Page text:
On the other side: when in Rome, do as the Romans do. I'm German but I'm living in Canada. So when I'm attending a sports game, I actually do stand up during the national anthems of Canada and the United States of America. I even sing along to the national anthem of Canada and I honestly don't have any problem with that. I also stand up when a member of the Armed Forces is honored. It's called having good manners. Whether you find that practice great or not doesn't matter here.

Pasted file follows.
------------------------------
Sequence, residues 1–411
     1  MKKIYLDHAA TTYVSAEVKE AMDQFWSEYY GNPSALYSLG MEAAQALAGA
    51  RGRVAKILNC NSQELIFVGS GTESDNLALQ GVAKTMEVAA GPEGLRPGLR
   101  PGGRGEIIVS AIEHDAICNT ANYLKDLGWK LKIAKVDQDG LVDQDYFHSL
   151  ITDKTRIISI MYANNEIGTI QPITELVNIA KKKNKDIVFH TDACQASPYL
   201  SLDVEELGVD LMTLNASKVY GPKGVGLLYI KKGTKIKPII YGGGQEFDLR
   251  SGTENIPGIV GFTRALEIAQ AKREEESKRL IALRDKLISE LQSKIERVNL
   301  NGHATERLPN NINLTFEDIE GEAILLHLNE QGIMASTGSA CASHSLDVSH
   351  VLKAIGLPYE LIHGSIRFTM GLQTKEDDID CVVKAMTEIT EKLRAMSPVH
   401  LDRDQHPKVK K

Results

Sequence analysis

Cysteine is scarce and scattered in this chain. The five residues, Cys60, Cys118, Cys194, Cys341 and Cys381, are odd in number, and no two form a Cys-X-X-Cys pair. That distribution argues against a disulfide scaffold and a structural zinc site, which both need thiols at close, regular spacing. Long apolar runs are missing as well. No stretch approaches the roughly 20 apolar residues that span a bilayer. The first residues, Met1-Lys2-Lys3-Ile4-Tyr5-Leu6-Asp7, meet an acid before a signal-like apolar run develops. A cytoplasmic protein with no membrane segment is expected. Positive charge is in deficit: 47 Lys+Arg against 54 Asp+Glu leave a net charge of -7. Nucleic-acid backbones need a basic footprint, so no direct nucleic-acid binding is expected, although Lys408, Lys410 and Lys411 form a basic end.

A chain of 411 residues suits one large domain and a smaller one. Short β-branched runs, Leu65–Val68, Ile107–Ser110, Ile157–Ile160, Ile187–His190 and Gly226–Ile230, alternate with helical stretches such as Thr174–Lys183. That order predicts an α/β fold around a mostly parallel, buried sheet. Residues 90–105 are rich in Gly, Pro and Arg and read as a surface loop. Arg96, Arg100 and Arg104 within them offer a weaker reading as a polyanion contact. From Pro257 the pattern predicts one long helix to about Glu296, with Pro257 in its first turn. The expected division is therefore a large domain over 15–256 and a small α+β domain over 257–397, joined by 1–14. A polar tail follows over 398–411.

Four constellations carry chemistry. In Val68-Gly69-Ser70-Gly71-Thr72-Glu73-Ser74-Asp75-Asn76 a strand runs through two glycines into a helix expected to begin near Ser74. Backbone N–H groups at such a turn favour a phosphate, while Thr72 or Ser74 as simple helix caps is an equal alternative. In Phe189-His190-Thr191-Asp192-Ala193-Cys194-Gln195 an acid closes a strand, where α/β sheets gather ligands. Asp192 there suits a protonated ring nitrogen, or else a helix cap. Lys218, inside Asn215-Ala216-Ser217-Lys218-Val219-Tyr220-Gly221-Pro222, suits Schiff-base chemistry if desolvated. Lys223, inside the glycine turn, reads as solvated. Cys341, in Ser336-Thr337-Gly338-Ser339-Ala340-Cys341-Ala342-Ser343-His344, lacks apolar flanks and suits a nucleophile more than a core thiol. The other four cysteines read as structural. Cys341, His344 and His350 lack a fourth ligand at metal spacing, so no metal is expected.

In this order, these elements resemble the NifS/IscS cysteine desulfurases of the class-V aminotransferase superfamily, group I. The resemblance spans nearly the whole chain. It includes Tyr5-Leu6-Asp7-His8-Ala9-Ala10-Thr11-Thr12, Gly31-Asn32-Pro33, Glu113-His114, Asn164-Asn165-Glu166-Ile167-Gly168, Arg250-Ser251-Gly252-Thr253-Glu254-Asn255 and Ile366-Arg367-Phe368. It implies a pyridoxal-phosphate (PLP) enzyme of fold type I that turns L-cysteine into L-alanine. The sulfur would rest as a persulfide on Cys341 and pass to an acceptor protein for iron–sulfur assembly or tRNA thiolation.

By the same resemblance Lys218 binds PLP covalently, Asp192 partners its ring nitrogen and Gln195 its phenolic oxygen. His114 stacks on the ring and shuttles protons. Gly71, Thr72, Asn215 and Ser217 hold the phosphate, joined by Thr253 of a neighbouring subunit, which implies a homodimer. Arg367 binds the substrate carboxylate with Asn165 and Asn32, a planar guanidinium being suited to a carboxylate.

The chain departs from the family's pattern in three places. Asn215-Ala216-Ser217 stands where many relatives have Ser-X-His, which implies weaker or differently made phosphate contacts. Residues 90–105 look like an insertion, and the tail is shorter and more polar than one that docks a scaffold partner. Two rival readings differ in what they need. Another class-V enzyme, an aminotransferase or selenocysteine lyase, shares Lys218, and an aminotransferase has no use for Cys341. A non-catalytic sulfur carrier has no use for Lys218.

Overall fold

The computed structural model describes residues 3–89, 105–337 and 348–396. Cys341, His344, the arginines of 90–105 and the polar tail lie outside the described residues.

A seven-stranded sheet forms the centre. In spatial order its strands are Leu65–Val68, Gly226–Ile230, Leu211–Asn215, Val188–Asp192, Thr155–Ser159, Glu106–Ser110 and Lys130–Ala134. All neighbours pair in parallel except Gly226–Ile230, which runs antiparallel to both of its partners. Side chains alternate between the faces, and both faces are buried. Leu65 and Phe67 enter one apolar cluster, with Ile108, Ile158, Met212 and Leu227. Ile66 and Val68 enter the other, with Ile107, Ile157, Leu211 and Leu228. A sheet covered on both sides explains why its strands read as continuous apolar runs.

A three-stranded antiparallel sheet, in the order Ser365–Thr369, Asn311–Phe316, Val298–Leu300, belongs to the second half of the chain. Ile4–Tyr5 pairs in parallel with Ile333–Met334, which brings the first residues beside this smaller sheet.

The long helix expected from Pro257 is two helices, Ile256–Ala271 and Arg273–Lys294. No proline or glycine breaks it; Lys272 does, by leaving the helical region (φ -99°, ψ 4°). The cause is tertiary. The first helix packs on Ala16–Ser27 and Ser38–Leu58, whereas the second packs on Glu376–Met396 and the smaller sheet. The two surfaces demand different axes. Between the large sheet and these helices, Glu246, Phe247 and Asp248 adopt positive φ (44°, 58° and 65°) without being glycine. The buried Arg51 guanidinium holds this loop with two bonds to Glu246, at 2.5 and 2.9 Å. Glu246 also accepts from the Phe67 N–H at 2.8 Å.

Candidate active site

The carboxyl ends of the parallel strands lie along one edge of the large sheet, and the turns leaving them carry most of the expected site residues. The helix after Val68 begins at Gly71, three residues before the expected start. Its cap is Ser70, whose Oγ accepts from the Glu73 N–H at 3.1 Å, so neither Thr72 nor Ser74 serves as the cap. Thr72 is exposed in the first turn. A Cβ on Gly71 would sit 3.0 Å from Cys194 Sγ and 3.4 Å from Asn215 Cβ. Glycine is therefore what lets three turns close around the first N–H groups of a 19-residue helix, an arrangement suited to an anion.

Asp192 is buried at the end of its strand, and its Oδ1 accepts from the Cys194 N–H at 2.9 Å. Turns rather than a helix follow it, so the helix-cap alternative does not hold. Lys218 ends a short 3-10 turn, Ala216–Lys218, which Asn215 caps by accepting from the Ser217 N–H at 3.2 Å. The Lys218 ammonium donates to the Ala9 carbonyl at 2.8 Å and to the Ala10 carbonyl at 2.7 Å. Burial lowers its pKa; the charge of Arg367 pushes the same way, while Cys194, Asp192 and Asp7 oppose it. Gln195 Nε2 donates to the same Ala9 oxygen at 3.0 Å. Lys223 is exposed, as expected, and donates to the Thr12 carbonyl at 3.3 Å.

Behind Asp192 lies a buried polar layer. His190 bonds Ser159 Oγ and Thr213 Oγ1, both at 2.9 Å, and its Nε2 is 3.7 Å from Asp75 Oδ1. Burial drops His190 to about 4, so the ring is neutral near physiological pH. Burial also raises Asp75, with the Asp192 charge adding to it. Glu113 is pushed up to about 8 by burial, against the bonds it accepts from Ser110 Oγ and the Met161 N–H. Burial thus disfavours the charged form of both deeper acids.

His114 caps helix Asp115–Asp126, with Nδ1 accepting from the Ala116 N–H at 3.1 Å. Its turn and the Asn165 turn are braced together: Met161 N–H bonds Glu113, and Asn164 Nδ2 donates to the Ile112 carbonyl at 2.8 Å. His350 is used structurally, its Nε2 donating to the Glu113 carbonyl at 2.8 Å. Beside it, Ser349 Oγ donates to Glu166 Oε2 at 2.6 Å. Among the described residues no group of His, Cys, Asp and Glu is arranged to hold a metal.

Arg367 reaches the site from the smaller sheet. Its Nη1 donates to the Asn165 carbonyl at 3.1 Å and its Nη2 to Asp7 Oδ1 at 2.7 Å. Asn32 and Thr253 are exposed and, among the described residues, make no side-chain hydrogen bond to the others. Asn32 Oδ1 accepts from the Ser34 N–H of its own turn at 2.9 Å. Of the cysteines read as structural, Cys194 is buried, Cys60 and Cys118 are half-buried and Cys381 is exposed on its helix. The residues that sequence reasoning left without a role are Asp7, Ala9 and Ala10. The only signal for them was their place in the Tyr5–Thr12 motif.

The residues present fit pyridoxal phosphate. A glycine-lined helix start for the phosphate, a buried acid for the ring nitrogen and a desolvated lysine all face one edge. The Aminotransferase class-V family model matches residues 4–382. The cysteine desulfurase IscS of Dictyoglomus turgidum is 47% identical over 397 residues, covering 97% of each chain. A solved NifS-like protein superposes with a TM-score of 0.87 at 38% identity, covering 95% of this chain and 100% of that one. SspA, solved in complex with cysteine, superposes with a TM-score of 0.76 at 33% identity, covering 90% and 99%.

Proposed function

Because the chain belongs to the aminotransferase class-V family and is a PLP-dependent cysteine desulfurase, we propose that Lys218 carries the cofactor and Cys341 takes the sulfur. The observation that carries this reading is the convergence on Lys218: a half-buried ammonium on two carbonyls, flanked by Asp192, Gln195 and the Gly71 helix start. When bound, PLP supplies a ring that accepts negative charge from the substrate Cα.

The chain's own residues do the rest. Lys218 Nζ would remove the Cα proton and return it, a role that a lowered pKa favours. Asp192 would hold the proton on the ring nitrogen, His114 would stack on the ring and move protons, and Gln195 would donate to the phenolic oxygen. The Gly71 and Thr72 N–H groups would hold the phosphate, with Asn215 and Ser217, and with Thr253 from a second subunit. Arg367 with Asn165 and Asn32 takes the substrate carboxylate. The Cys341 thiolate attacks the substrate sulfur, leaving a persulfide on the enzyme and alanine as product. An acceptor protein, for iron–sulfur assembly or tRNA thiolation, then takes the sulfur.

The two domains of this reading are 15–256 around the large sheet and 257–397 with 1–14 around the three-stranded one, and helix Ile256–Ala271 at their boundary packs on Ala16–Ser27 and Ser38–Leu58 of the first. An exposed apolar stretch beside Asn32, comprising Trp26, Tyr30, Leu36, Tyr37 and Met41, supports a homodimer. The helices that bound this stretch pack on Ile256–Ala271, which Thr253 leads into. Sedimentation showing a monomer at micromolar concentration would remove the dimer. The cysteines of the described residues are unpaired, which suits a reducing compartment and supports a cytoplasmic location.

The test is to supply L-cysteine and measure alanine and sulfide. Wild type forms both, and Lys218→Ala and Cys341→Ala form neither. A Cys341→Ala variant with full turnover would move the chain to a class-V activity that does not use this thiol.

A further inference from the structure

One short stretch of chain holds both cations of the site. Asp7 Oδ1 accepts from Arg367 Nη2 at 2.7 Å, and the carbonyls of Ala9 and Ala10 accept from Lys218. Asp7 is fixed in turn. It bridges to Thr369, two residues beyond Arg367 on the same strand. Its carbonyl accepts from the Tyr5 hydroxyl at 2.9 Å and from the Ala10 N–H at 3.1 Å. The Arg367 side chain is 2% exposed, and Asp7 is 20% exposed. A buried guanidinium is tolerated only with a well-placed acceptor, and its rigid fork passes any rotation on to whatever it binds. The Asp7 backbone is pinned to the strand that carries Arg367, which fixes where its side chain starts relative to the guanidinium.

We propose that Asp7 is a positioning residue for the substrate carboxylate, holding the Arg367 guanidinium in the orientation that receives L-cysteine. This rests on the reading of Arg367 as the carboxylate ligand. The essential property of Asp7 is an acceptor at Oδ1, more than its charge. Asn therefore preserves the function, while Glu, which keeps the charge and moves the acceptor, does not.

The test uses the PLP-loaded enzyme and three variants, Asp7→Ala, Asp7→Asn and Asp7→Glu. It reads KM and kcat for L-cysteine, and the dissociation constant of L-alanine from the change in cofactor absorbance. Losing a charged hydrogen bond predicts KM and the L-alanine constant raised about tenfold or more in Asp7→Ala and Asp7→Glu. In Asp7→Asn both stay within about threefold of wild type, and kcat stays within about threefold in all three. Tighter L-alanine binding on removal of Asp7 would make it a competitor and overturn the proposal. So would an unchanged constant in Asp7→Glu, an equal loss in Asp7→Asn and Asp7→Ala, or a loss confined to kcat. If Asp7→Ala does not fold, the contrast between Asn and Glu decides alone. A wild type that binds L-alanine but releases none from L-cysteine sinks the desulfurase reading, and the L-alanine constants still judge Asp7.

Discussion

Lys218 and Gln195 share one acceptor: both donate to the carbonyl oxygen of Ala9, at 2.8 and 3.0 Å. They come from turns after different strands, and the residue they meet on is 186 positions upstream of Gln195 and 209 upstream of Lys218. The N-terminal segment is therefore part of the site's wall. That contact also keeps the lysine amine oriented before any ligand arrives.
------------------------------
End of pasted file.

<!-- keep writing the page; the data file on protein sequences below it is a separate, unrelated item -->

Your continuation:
Bottom line: I think the singing of the national anthem and honoring members of the Armed Forces during sports events is a very conservative and maybe even obsolete tradition that should be removed from North American arenas and stadiums. However, as long as this tradition is being maintained, everybody should stick to it out of respect. Therefore, I think that there are other ways to voice your opinion against your government than not celebrating the national anthem or kneeling down during its performance. Doing something like this actually makes the government seem bigger than it is. By protesting against the government by refusing to celebrate the national anthem, you seem to imply that your country and your government are the same or at least very closely related. This is not true. Nine months of questionable presidency shouldn't affect the values the United States of America, including its anthem and its flag, stand for. Singing the national anthem and wearing a wristband, shirt or pin with a message dedicated to those overlooked or mistreated in times like these would have a much stronger impact. It would show that people do believe in their country and that they won't let a terrible President divide it.''